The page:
Rare wading birds are back at Washington Wetland Centre

A Wearside wetland reserve has welcomed back a bird so rare that it was once declared extinct as a breeding species in the UK.

By The Newsroom
Friday, 04 March, 2016, 13:07
Avocets are back at Washington Wetlands Centre. Pic: Ian Hamilton.

The WWT Washington Wetland Centre saw its first avocets, which are still rare to the region, arrive yesterday, just 10 days later than the site’s previous record, set in 2014.

The black and white wader has been spotted nest prospecting on Wader Lake’s shingle islands, which were enhanced and doubled in size last autumn thanks to a £21,400 of Biffa Award funding.

Reserve manager John Gowland said his team was thrilled to see the benefits of the conservation work in action so soon, and they are hoping for a great breeding season ahead.

“For the avocets to return and begin nest prospecting on the new habitat is just fantastic and a real conservation success story,” he said.

“Avocets have only been breeding at WWT Washington for 10 seasons – from our first pair in 2006 to a site record of 23 adults last summer – so we can’t wait to see if their overall numbers will be boosted this year thanks to the extra habitat the Biffa Award allowed us to create.”

As well as increasing potential nesting space for avocets – once declared extinct as a breeding species in the UK – the improvements will benefit a host of other wading bird species this season, including regionally important lapwing and a significant local population of breeding common tern.

The shingle islands were extended with the help of a 21,400 Biffa Award from the Landfill Communities Fund.

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“Already this year we’ve had good numbers of various waders using the island, but most crucially we’re seeing regular flocks of 200-plus lapwing, which are red-listed of conservation concern and in national decline. That’s double the number of recent years,” added Mr Gowland.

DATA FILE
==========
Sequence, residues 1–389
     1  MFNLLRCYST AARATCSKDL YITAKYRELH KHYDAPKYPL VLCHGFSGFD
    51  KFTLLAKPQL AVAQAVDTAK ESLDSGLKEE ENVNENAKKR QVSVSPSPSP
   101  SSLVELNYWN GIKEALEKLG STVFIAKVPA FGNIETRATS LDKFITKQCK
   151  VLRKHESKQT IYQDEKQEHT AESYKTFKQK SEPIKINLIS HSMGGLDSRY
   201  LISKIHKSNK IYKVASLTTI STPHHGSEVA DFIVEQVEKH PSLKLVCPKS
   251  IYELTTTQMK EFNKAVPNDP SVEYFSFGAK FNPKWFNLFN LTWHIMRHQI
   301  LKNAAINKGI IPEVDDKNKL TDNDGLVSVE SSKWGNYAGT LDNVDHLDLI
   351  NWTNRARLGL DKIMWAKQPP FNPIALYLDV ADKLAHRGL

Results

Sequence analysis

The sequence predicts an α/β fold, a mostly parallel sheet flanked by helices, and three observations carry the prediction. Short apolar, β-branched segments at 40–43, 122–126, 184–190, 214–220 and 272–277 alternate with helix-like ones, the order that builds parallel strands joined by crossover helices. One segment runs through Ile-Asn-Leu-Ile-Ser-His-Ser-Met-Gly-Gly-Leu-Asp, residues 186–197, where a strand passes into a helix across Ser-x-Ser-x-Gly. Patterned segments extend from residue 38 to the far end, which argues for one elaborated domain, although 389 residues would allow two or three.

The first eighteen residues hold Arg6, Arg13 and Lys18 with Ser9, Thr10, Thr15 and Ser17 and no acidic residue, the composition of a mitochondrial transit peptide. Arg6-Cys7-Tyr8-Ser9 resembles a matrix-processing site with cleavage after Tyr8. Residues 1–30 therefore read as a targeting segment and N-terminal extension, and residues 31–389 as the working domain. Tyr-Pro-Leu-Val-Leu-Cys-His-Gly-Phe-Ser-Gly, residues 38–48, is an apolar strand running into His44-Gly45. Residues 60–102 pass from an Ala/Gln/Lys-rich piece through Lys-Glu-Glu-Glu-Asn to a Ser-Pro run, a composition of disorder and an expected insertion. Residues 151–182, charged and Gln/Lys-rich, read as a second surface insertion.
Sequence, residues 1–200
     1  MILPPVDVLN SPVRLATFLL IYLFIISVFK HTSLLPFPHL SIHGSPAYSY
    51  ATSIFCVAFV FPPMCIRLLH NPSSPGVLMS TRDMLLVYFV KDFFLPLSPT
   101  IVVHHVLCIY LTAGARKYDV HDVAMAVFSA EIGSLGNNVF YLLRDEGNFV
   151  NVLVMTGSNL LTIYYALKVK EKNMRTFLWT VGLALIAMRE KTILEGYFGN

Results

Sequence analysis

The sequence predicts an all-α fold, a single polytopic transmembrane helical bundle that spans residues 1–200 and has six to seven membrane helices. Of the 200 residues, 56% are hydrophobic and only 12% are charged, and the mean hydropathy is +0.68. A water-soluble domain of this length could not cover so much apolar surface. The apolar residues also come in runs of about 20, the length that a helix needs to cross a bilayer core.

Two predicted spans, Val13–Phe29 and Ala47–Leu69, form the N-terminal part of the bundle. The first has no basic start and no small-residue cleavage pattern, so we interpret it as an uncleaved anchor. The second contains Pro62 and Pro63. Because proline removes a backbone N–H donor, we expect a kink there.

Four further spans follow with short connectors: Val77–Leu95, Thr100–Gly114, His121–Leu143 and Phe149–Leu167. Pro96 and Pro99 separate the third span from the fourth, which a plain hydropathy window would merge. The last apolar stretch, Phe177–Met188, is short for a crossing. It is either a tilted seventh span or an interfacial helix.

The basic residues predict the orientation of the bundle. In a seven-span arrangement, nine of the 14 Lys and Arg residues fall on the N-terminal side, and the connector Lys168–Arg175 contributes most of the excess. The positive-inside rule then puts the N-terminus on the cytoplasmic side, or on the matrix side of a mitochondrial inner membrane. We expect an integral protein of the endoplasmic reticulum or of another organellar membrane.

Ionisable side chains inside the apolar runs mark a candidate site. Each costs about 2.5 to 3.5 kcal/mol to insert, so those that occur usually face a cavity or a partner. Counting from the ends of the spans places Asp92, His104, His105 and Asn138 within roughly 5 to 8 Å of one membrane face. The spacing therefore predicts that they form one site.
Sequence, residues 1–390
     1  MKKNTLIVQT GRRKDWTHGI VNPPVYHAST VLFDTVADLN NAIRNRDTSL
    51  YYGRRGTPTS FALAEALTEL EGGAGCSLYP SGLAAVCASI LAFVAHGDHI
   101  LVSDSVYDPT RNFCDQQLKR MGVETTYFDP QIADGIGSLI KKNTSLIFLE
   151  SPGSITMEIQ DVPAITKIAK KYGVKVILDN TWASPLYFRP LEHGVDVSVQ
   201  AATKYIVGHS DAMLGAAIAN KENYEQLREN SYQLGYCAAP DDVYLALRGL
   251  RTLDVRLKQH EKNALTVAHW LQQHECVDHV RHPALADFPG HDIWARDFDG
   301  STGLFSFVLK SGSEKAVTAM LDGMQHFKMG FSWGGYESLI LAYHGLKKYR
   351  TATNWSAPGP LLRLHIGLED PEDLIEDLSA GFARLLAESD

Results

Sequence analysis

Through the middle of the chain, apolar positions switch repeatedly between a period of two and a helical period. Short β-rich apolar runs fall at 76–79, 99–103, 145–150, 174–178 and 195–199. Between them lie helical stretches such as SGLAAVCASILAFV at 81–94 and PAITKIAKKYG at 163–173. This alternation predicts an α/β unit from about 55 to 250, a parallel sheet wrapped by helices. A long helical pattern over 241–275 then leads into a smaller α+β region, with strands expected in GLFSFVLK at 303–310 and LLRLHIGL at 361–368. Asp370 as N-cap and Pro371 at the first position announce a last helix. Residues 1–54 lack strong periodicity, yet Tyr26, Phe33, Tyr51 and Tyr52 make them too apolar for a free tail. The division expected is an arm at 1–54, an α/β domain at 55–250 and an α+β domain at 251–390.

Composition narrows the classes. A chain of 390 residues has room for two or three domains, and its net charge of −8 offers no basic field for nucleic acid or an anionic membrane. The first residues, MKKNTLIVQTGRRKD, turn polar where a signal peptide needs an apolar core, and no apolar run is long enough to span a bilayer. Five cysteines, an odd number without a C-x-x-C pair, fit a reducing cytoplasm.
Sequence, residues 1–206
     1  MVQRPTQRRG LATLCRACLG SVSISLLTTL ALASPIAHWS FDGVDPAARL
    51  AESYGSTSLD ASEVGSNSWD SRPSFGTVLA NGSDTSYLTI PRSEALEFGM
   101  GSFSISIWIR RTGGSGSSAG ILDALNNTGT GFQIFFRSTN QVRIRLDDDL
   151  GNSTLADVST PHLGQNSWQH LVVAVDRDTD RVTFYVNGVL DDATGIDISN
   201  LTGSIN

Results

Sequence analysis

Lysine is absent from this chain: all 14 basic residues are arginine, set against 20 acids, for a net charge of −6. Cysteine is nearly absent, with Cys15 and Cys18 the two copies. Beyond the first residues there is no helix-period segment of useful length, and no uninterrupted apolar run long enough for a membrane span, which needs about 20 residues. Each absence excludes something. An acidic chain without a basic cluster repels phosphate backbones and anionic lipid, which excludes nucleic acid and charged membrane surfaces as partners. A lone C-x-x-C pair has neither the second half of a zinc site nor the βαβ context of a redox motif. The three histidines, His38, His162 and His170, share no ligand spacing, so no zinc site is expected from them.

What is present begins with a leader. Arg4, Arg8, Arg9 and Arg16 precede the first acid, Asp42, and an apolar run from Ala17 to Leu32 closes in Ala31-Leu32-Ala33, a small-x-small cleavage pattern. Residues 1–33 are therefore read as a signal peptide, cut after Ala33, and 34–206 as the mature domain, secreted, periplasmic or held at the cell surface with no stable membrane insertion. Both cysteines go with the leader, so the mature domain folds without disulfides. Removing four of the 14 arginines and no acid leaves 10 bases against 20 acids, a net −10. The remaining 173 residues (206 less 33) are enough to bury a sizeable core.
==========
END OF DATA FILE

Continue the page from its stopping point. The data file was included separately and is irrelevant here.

“Looking ahead to the summer, our site is home to a key breeding colony of amber-listed common tern, peaking at about 100 pairs.

“If the new islands can support an increase in the numbers of terns – which are feisty defenders of their territories and nests – we also increase protection for other species sharing the lake at that time, such as gadwall, shoveler and redshank.”

Biffa Award is a multi-million pound fund that helps to build communities and transform lives through awarding grants to community and environmental projects across the UK.

Avocets, curlew, redshank and oystercatchers on the shingle islands at Washington Wetlands Centre. Pic: Leanne McCormella.

Gillian French, head of grants at Biffa Award, said: “It’s so exciting to see avocets thriving in Washington.

"The return of this iconic bird is a real conservation success story, and we’re pleased that Landfill Communities Funding can be used to help support it.”

The shingle islands were extended with the help of a 21,400 Biffa Award from the Landfill Communities Fund.